This is a live mirror of the Perl 5 development currently hosted at https://github.com/perl/perl5
 author Father Chrysostomos Fri, 23 Aug 2013 06:37:44 +0000 (23:37 -0700) committer Father Chrysostomos Fri, 23 Aug 2013 07:09:34 +0000 (00:09 -0700)

index 9c7550c..fb1d206 100644 (file)
@@ -4160,12 +4160,12 @@ differences:

=item accuracy()

-      \$x->accuracy(5);             # local for \$x
-      CLASS->accuracy(5);          # global for all members of CLASS
-                                   # Note: This also applies to new()!
+      \$x->accuracy(5);           # local for \$x
+      CLASS->accuracy(5);        # global for all members of CLASS
+                                 # Note: This also applies to new()!

-      \$A = \$x->accuracy();         # read out accuracy that affects \$x
-      \$A = CLASS->accuracy();      # read out global accuracy
+      \$A = \$x->accuracy();       # read out accuracy that affects \$x
+      \$A = CLASS->accuracy();    # read out global accuracy

Set or get the global or local accuracy, aka how many significant digits the
results have. If you set a global accuracy, then this also applies to new()!
@@ -4187,15 +4187,15 @@ to the math operation as additional parameter:

\$x->precision(-2);      # local for \$x, round at the second
# digit right of the dot
-      \$x->precision(2);       # ditto, round at the second digit left
-                              # of the dot
+      \$x->precision(2);       # ditto, round at the second digit
+                              # left of the dot

CLASS->precision(5);    # Global for all members of CLASS
# This also applies to new()!
CLASS->precision(-5);   # ditto

-      \$P = CLASS->precision();    # read out global precision
-      \$P = \$x->precision();       # read out precision that affects \$x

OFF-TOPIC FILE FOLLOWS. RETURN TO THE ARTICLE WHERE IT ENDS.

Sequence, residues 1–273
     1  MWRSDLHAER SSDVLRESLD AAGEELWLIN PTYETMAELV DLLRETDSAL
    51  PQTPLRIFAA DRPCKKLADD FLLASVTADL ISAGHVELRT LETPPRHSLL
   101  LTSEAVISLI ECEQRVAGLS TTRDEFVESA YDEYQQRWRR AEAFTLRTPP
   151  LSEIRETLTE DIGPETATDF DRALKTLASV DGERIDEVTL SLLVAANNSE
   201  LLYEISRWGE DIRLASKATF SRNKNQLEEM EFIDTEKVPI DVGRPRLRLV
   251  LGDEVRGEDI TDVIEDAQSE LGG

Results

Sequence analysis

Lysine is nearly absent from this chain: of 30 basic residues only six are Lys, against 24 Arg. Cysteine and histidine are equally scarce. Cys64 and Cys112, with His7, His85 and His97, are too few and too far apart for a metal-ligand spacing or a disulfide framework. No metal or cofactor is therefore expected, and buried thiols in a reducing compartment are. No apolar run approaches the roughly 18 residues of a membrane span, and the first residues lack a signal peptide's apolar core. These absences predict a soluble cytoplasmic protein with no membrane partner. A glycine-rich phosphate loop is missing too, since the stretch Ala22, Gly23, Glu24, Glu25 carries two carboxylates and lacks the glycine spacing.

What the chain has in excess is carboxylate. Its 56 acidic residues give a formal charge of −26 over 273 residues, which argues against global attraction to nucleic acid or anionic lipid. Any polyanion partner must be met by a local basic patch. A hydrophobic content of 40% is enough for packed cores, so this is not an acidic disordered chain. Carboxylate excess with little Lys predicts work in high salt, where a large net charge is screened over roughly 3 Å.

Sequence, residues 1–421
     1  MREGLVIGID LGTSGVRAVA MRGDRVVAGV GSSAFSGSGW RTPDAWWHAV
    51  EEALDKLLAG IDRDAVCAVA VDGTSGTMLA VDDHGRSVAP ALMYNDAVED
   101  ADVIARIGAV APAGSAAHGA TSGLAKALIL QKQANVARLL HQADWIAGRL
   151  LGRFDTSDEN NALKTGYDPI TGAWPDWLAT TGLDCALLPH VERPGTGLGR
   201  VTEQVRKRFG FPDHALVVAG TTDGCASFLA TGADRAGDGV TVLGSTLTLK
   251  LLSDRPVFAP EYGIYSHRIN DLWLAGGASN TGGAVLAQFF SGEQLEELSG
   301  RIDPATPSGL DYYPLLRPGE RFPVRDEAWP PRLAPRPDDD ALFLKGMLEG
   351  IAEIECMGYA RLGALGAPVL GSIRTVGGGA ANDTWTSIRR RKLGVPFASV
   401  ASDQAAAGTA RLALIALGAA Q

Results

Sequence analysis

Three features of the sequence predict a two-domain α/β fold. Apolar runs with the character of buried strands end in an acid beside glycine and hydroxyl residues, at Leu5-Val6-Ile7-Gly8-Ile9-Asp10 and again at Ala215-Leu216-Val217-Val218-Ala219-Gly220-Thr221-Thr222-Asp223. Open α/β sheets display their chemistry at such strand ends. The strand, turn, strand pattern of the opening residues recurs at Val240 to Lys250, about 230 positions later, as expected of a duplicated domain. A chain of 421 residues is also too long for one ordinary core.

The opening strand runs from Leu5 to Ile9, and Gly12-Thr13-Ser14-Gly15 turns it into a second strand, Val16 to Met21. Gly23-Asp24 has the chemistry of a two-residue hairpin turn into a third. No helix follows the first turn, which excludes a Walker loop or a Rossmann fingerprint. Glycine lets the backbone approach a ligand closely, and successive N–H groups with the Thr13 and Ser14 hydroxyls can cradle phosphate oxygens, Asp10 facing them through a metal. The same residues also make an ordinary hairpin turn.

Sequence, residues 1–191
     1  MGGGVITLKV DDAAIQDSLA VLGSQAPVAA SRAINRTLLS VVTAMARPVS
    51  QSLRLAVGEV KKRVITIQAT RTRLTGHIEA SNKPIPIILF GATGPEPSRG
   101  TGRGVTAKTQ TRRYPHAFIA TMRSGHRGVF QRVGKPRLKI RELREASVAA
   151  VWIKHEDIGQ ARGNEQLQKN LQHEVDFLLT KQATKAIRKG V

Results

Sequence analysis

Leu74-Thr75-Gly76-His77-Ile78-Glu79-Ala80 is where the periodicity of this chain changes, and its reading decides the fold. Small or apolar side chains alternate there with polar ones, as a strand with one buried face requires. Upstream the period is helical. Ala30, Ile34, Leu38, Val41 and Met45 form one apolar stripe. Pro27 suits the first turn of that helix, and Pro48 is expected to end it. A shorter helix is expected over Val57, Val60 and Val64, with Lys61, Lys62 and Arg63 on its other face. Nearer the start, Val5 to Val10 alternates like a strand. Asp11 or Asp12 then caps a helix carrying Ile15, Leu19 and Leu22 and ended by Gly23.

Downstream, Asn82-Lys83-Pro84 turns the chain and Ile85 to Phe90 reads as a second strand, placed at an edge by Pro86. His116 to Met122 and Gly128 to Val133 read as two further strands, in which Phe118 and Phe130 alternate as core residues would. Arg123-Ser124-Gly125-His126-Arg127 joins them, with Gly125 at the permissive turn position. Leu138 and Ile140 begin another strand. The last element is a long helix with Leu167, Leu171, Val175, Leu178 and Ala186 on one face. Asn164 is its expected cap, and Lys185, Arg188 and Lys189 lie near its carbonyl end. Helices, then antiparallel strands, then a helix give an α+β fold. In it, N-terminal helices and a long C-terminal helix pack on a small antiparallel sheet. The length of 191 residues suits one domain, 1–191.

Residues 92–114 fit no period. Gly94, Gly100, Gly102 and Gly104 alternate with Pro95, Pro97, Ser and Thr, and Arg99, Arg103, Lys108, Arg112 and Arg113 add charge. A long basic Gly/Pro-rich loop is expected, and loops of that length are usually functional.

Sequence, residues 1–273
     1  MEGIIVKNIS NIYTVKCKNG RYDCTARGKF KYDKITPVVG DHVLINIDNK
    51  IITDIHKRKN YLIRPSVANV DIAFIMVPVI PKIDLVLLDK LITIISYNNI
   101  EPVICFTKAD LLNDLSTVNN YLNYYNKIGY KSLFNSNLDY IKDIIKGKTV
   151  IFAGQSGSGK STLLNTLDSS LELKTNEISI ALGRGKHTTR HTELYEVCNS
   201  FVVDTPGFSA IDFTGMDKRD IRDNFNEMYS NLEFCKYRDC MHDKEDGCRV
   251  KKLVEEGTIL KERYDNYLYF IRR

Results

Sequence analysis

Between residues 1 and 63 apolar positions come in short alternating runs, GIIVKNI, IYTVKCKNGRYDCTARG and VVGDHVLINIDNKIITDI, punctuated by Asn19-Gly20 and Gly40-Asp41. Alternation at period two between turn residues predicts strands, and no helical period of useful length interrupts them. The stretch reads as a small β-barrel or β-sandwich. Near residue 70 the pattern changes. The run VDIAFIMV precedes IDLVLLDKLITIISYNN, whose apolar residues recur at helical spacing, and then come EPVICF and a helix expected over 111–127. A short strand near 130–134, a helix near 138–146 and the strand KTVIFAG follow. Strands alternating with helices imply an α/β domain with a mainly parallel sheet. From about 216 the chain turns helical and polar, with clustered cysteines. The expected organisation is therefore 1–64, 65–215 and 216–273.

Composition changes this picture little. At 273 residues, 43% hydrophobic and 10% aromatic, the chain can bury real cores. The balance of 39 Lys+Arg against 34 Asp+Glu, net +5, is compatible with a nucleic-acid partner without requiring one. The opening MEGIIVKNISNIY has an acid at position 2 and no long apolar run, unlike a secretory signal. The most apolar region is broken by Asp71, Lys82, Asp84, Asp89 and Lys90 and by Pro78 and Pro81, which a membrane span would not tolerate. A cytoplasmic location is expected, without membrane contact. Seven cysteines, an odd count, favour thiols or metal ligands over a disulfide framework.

+      \$P = CLASS->precision();  # read out global precision
+      \$P = \$x->precision();     # read out precision that affects \$x

Note: You probably want to use L</accuracy()> instead. With L</accuracy()> you
set the number of digits each result should have, with L</precision()> you
@@ -4405,7 +4405,8 @@ It prints both quotient and remainder since print works in list context. Also,
bdiv() will modify \$c, so be careful. You probably want to use

print \$c / 123.456,"\n";
-    print scalar \$c->bdiv(123.456),"\n";  # or if you want to modify \$c
+    # or if you want to modify \$c:
+    print scalar \$c->bdiv(123.456),"\n";

@@ -4469,14 +4470,14 @@ Replacing L</precision()> with L</accuracy()> is probably not what you want, eit

use Math::BigFloat;

-    Math::BigFloat->accuracy(4);           # enables global rounding:
-    my \$x = Math::BigFloat->new(123456);    # rounded immediately
-                                            #   to "12350"
-    print "\$x\n";                          # print "123500"
-    my \$y = Math::BigFloat->new(3);        # rounded to "3
-    print "\$y\n";                          # print "3"
-    print \$z = \$x->copy()->bdiv(\$y),"\n";   # 41170
-    print \$z->accuracy(),"\n";             # 4
+    Math::BigFloat->accuracy(4);         # enables global rounding:
+    my \$x = Math::BigFloat->new(123456);  # rounded immediately
+                                          #   to "12350"
+    print "\$x\n";                        # print "123500"
+    my \$y = Math::BigFloat->new(3);      # rounded to "3
+    print "\$y\n";                        # print "3"
+    print \$z = \$x->copy()->bdiv(\$y),"\n"; # 41170
+    print \$z->accuracy(),"\n";           # 4

What you want to use instead is: